Currently viewing the category: "Flies"

Subject:  Japanese Crane Fly?
Geographic location of the bug:  Wakayama, Japan
Date: 07/28/2021
Time: 05:46 PM EDT
Your letter to the bugman:  Looked like a wasp at first but then Google took me to your site and I think it’s very close to a crane fly you posted. It was sitting on my car at 35 degrees on July 27, 2021
How you want your letter signed:  Dirk

Crane Fly

Dear Dirk,
Your Crane Fly looks like an old posting from our archives that was identified as
Ctenophora ishiharai, and we located this FlickR posting that is identified as Ctenophora nohirae.  We believe the latter is a closer match.

Wow, thanks a lot!
Much appreciated.
Dirk

Subject:  Flying insect
Geographic location of the bug:  Irving tx
Date: 07/27/2021
Time: 05:09 PM EDT
Your letter to the bugman:  I thought this was a wasp chasing me in the flower bed. He buzzed loudly.
How you want your letter signed:  Peggy clark

Robber Fly: Microstylum morosum

Dear Peggy,
Thanks so much for sending in your marvelous images of this magnificent Robber Fly,
Microstylum morosum, which is pictured on BugGuide.

Robber Fly: Microstylum morosum

Subject:  Large robber fly
Geographic location of the bug:  Pasadena Ca
Date: 07/23/2021
Time: 05:19 PM EDT
Your letter to the bugman:  These photos are taken around a backyard pond in Pasadena Ca. Although I would like to know what species the dragonfly is (it has just emerged and is still clinging to it’s niad shell) my main qestion is in regards to the other photo. What kind of robber fly do you think this is? It’s by far the largest one I’ve seen. The plastic cap of the garden stake next to it is 19 millimeters in diameter.
How you want your letter signed:  Roy

Robber Fly

Dear Roy,
Based on images posted to BugGuide and the reported range, we believe your Robber Fly might be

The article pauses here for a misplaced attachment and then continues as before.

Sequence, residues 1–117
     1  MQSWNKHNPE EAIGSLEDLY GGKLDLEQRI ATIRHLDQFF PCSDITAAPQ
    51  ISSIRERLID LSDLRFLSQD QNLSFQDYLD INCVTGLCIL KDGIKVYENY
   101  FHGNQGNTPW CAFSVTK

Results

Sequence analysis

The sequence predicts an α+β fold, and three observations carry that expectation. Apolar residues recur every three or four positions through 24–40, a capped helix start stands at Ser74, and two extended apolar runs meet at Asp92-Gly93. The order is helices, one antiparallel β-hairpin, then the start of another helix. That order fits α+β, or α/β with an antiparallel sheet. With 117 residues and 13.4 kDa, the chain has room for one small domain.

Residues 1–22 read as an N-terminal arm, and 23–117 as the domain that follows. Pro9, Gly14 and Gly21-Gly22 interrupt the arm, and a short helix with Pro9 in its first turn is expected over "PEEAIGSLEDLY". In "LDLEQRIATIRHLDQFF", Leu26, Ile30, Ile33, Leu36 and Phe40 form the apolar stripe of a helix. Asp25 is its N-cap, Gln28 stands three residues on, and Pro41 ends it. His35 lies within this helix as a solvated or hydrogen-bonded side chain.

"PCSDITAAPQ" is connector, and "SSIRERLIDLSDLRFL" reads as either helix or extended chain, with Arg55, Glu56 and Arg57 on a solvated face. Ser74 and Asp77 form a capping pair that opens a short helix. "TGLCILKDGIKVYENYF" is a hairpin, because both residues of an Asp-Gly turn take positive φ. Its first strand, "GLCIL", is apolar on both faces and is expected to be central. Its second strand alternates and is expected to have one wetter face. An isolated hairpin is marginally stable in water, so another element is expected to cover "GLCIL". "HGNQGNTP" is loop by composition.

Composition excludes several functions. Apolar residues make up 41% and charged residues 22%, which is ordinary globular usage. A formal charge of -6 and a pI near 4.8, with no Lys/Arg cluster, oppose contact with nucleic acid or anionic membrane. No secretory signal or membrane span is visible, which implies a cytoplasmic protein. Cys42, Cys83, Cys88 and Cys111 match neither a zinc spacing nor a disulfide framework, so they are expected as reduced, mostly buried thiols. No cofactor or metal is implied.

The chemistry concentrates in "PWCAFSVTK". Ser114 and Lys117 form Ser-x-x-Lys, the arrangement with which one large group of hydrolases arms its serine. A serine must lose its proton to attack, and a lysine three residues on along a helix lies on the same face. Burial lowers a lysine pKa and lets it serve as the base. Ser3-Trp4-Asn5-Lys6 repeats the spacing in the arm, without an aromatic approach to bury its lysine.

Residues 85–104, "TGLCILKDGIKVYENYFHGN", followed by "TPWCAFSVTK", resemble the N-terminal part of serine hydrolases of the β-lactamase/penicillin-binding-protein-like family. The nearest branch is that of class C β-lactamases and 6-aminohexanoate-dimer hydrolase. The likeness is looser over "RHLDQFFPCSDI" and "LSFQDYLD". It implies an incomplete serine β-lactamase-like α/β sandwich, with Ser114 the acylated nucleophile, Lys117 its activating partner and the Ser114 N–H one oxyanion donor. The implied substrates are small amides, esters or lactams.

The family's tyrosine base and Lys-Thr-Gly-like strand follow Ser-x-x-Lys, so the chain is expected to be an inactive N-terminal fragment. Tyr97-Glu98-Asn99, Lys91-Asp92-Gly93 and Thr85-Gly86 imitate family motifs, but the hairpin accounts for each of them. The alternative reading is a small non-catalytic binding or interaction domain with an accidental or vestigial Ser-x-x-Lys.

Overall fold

Promachus princeps.

Subject:  What’s this bug?
Geographic location of the bug:  Polson, Montana
Date: 07/24/2021
Time: 09:22 PM EDT
Your letter to the bugman:  Hello-
We spotted this bug on the deck railing today. Can you enlighten us as to what it is? We are near Flathead Lake & some stagnant ponds. We’ve never seen anything like it. Thanks!
How you want your letter signed:  Suzanne M

Robber Fly: Stenopogon inquinatus

Dear Suzanne,
We believe we have identified your large, predatory Robber Fly as
 Stenopogon inquinatus which is pictured on BugGuide.

Robber Fly: Stenopogon inquinatus

Thank you so much! I read up on the Stenopogon & found that it can be a predator of hummingbirds. This one was hanging out on the railing, right by the hummingbird feeder. Next time we see it, we’ll definitely shoo it away.
I really appreciate your fast response! Cheers!
Suzanne

Subject:  Small black wasp?
Geographic location of the bug:  Charlottesville, VA
Date: 07/23/2021
Time: 12:02 PM EDT
Your letter to the bugman:  Hi,
I’ve been finding lots of these insects in our basement — often dead. I’m not sure where they came from or how to keep them outside, but I figure a good first step will be identifying them! Thanks in advance for your help.
How you want your letter signed:  Kyle

Black Soldier Fly

Dear Kyle,
Though it resembles a Wasp, this is actually a harmless (doesn’t sting nor bite) Black Soldier Fly,
Hermetia illucens, also called a Window Fly because of the transparent features of its abdomen clearly visible in your image.  Have you a compost pile in or near your basement?  Black Soldier Fly larvae are frequently found in compost piles where they are considered beneficial.

Hi Daniel,
Thank you so much! As it happens, we have a compost pile right outside, so that’s definitely where they come from. Hopefully most end up staying outside.
Seriously, thank you so much for the quick reply. I know how many of these you get, and appreciate you taking the time.
Kyle

Subject:  Maybe a tiger bee fly?
Geographic location of the bug:  Louisville, KY 40299
Date: 07/20/2021
Time: 11:00 AM EDT
Your letter to the bugman :  Good day sir, this (not so little) guy was hanging out on my front porch and wasn’t too disturbed by me getting my phone very close for these striking images. I placed a penny near it in a couple of photos so you could have a sense of scale. Wondered what exactly it is and if it is dangerous in any way. Thanks kindly!
How you want your letter signed:  Wayne H

Tachinid Fly

Dear Wayne,
Daniel just published an identification request for a Tiger Bee Fly, which is definitely not your fly.  This is actually a Parasitic Tachinid Fly in the family Tachinidae, a group with many individuals that are covered with course hairs, so they are sometimes called Bristle Flies. Your individual appears to be a member of the genus 
Leschenaultia which is pictured on BugGuide where the host prey is identified as members of several moth families. Insects that are parasitoids, meaning the eggs are laid on the bodies of host insects which are eaten alive, are often very specific about the host prey which is sometimes limited to a single species.  This fly poses no threat to humans.

Tachinid Fly

Thank you so much for the information!
Wayne Hutchins